Along Comes Benelli Sei 900
The Sei 900 series became a spawn of the 1972 Sei 750, which made history as the first six-cylinder motorcycle produced in the world. The English translation of the Italian word, "Sei" is "Six." Despite this new breed of motorcycle, there were a series of delays and setbacks that prevented the Sei 900 from launching until 1974. At the time, this new model sat at the asking price of $3,995.00 USD. The design of the engine of the Sei 750 was similar to the Honda CB500. The only difference was two extra pots that set it apart from everything else. The inline-six displaced 747cubic centimeters, which was fed by three 29-millimeter Dell'Orto carbs. This served as a designer's obstacle to synchronizing all six units to work out this friendlier arrangement. The gearbox was a five-speed that sent up to seventy-five horsepower to the rear wheel through a single drive chain. At the time, a six-into-six exhaust was considered unique, as was the sound coming from the chrome tips. The bike's styling had a fairly thin saddle and was more square compared to the motorcycles produced by the Japanese market. There was also a pair of disc brakes up front, as well as a drum at the rear. At the time, there were complaints of this bike's failure to deliver optimal performance in its gauges and switchgear.
When 1979 came around, the Sei 750 was upgraded to 906cc and the exhaust was now back to a six-in-two system. This is when the Sei 900 series officially began in 1979 with its unique duplex drive chain. It featured wire wheels and a rear disc brake that replaced the layout of the gold-colored rims and drum unit of the Sei 750. The Sei 900 also had a side stand, along with the safety feature requirement of the stand to be in proper position before this motorcycle could start. In 1983, the Sei 900 sold for $5,400.00 USD and remained in production until 1987. At the time, the Sei 900 series was considered an outrageous flash bike that was rare, expensive, handsome, performant, quirky, and distinctively European. For a decade, the Sei 900 brought forth a motorcycle brand that later became dubbed the Benelli Sei Sport, which was technically the 1990 Sei 900 as we know it. According to Fichas Motor, the specifications of the 1990 Sei 900 had a 905-cc displacement with its in-line, six-cylinder, four-stroke engine. At 8,500 revs per minute, it had an eighty horsepower output. The maximum speed this bike was capable of was almost one hundred and twenty miles per hour. When fully fueled and ready to go, this bike weighs nearly five hundred and fifty pounds.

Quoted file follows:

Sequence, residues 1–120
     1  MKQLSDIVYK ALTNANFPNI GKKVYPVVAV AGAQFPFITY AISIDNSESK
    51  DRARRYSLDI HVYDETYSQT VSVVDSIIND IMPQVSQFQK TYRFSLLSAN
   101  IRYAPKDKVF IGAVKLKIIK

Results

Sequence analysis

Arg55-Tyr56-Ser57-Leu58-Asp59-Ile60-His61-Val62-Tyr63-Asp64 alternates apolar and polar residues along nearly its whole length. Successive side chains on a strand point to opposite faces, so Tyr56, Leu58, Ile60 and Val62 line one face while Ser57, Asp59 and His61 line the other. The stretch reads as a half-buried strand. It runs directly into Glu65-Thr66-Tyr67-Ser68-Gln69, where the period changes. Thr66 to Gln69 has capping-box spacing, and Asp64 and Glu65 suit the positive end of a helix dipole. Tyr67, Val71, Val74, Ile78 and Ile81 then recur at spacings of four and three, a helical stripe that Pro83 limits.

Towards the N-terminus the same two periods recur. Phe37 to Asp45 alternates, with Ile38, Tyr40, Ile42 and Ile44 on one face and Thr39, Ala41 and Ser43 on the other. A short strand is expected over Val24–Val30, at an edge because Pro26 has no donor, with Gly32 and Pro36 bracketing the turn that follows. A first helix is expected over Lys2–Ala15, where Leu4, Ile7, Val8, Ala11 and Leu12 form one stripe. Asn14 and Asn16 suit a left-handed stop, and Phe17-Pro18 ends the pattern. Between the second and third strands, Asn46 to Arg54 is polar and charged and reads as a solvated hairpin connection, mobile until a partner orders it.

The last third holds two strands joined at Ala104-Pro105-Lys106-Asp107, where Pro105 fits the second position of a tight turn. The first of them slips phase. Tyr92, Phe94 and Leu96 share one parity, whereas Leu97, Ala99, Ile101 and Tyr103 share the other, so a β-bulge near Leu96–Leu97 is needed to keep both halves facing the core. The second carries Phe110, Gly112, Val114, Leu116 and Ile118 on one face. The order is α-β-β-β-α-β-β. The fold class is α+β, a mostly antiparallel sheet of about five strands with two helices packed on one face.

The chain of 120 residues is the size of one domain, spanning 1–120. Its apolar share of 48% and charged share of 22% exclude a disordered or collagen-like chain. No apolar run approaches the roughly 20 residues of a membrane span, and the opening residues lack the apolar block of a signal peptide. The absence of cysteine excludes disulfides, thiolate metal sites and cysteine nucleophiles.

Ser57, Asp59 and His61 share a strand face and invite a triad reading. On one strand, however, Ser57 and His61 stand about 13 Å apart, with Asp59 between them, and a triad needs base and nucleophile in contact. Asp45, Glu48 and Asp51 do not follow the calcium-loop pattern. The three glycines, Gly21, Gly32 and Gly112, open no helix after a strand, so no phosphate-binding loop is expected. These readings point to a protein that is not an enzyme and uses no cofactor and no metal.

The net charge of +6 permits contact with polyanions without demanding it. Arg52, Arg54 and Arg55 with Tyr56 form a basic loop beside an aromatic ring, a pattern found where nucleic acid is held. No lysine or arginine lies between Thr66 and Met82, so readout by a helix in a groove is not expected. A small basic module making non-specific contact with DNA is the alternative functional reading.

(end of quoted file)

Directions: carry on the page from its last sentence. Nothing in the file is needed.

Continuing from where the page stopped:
In 2005, Benelli became the acquisition of Qianjiang Motorcycle, which is owned by Geely Holding Group. Still in business today, it is the second oldest Italian-based motorcycle business. It still has the design, development, and marketing teams working out of the Benelli Q.J. headquarters in Pesaro, Italy. The actual production of the motorcycles takes place with its parent company, which is located in Wenling, China.
Written by Benjamin Smith